OUP user menu

Single-sided deafness leads to unilateral aural preference within an early sensitive period

Andrej Kral, Peter Hubka, Silvia Heid, Jochen Tillein
DOI: http://dx.doi.org/10.1093/brain/aws305 180-193 First published online: 11 December 2012

Summary

Unilateral deafness has a high incidence in children. In addition to children who are born without hearing in one ear, children with bilateral deafness are frequently equipped only with one cochlear implant, leaving the other ear deaf. The present study investigates the effects of such single-sided deafness during development in the congenitally deaf cat. The investigated animals were either born with unilateral deafness or received a cochlear implant in one ear and were subjected to chronic monaural stimulation. In chronically stimulated animals, implantation ages were at the following three critical developmental points: ‘early’ during the peak of functional cortical synaptogenesis in deaf animals; ‘intermediate’ at the age when synaptic activity in the deaf cats dropped to the level of hearing control cats and finally, ‘late’ at the age when the evoked synaptic activity fell below the level of hearing control cats. After periods of unilateral hearing, local field potentials were recorded from the cortical surface using a microelectrode at ∼100 recording positions. Stimulation was with cochlear implants at both ears. The measures evaluated were dependent only on the symmetry of aural input: paired differences of onset latencies and paired relations of peak amplitudes of local field potentials. A massive reorganization of aural preference in favour of the hearing ear was found in these measures if the onset of unilateral hearing was early (before or around the peak of functional synaptogenesis). The effect was reduced if onset of unilateral hearing was in the intermediate period, and it disappeared if the onset was late. In early onset of unilateral deafness, the used ear became functionally dominant with respect to local field potential onset latency and amplitude. This explains the inferior outcome of implantations at the second-implanted ear compared with first-implanted ear in children. However, despite a central disadvantage for the deaf ear, it still remained capable of activating the auditory cortex. Appropriate training may thus help to improve the performance at the second-implanted ear. In conclusion, periods of monaural stimulation should be kept as short as possible, and training focused on the deaf ear should be introduced after delayed second implantation in children.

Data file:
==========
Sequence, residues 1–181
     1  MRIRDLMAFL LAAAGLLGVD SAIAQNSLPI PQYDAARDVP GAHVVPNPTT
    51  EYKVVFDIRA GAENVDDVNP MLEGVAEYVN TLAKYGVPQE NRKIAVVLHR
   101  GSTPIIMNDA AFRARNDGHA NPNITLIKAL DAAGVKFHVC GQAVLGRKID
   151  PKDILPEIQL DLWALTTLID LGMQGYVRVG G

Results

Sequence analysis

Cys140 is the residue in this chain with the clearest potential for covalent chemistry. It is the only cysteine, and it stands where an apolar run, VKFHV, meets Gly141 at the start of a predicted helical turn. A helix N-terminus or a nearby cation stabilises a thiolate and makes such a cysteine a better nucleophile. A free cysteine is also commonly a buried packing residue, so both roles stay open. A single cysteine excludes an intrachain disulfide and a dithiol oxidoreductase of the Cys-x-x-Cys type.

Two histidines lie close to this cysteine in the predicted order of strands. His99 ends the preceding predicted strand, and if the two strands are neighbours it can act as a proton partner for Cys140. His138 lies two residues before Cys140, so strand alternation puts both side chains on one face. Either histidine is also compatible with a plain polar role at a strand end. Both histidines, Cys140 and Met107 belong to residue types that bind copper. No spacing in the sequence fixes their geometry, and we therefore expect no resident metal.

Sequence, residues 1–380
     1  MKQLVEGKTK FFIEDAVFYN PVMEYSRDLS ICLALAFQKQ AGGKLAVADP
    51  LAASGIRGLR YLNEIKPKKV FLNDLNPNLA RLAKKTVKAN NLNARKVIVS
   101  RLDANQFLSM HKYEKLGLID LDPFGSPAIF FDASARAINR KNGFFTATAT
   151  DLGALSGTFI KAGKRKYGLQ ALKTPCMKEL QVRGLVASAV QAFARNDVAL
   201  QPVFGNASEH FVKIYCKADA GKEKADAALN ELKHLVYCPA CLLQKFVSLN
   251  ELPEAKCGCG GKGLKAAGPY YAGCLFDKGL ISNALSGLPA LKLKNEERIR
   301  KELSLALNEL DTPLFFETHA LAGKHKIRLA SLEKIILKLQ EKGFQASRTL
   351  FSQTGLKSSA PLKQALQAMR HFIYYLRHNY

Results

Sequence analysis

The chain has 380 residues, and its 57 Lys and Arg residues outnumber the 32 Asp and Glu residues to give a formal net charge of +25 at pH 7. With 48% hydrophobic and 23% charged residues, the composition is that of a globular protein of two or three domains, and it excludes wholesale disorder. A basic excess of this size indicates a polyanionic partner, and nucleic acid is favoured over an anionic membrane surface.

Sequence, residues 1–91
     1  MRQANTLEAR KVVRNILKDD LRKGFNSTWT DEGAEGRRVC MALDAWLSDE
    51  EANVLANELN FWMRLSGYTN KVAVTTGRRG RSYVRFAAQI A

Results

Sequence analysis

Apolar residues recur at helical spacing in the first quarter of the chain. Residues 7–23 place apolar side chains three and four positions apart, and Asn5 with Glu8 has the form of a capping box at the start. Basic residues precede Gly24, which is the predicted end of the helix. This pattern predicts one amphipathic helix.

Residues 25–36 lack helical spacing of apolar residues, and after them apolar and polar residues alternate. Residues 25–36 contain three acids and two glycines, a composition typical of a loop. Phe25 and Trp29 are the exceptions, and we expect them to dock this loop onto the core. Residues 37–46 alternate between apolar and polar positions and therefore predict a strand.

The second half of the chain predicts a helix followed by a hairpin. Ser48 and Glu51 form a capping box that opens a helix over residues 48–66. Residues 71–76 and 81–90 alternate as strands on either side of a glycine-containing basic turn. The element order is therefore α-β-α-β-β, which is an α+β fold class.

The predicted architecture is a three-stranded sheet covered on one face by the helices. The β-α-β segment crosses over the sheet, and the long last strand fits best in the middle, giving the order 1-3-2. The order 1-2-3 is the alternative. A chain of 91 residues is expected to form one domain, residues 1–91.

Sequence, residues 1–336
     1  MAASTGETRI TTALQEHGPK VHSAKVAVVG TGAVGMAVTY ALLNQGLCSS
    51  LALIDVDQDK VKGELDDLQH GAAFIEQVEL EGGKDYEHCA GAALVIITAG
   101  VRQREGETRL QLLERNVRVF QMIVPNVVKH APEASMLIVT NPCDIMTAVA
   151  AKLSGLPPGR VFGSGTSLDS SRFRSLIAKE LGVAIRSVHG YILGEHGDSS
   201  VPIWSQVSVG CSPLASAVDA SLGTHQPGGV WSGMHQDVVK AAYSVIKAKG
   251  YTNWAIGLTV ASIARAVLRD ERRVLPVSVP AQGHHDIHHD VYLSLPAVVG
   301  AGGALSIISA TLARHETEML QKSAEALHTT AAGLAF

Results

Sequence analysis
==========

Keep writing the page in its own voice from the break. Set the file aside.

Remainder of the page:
• congenital single-sided deafness
  • asymmetric hearing
  • deaf white cat
  • cochlear implant
  • plasticity
  • development
  • sensitive period
  • Abbreviation
    CDC
    congenitally deaf cat
  • View Full Text